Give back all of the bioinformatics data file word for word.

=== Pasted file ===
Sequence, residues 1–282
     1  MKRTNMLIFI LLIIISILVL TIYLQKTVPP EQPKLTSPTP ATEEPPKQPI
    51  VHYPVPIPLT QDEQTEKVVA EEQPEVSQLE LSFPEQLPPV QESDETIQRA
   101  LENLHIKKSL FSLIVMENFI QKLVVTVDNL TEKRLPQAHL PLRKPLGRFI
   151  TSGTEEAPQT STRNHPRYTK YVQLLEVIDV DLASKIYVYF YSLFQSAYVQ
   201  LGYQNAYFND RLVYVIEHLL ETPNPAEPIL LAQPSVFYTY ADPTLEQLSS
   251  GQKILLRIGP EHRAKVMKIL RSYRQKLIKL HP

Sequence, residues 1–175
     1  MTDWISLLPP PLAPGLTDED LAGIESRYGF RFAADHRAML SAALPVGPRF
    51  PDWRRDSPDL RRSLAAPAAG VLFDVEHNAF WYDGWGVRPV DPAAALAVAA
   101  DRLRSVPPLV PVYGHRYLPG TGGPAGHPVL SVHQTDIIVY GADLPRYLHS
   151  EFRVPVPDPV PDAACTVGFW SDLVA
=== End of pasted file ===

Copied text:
Sequence, residues 1–282
     1  MKRTNMLIFI LLIIISILVL TIYLQKTVPP EQPKLTSPTP ATEEPPKQPI
    51  VHYPVPIPLT QDEQTEKVVA EEQPEVSQLE LSFPEQLPPV QESDETIQRA
   101  LENLHIKKSL FSLIVMENFI QKLVVTVDNL TEKRLPQAHL PLRKPLGRFI
   151  TSGTEEAPQT STRNHPRYTK YVQLLEVIDV DLASKIYVYF YSLFQSAYVQ
   201  LGYQNAYFND RLVYVIEHLL ETPNPAEPIL LAQPSVFYTY ADPTLEQLSS
   251  GQKILLRIGP EHRAKVMKIL RSYRQKLIKL HP

Sequence, residues 1–175
     1  MTDWISLLPP PLAPGLTDED LAGIESRYGF RFAADHRAML SAALPVGPRF
    51  PDWRRDSPDL RRSLAAPAAG VLFDVEHNAF WYDGWGVRPV DPAAALAVAA
   101  DRLRSVPPLV PVYGHRYLPG TGGPAGHPVL SVHQTDIIVY GADLPRYLHS
   151  EFRVPVPDPV PDAACTVGFW SDLVA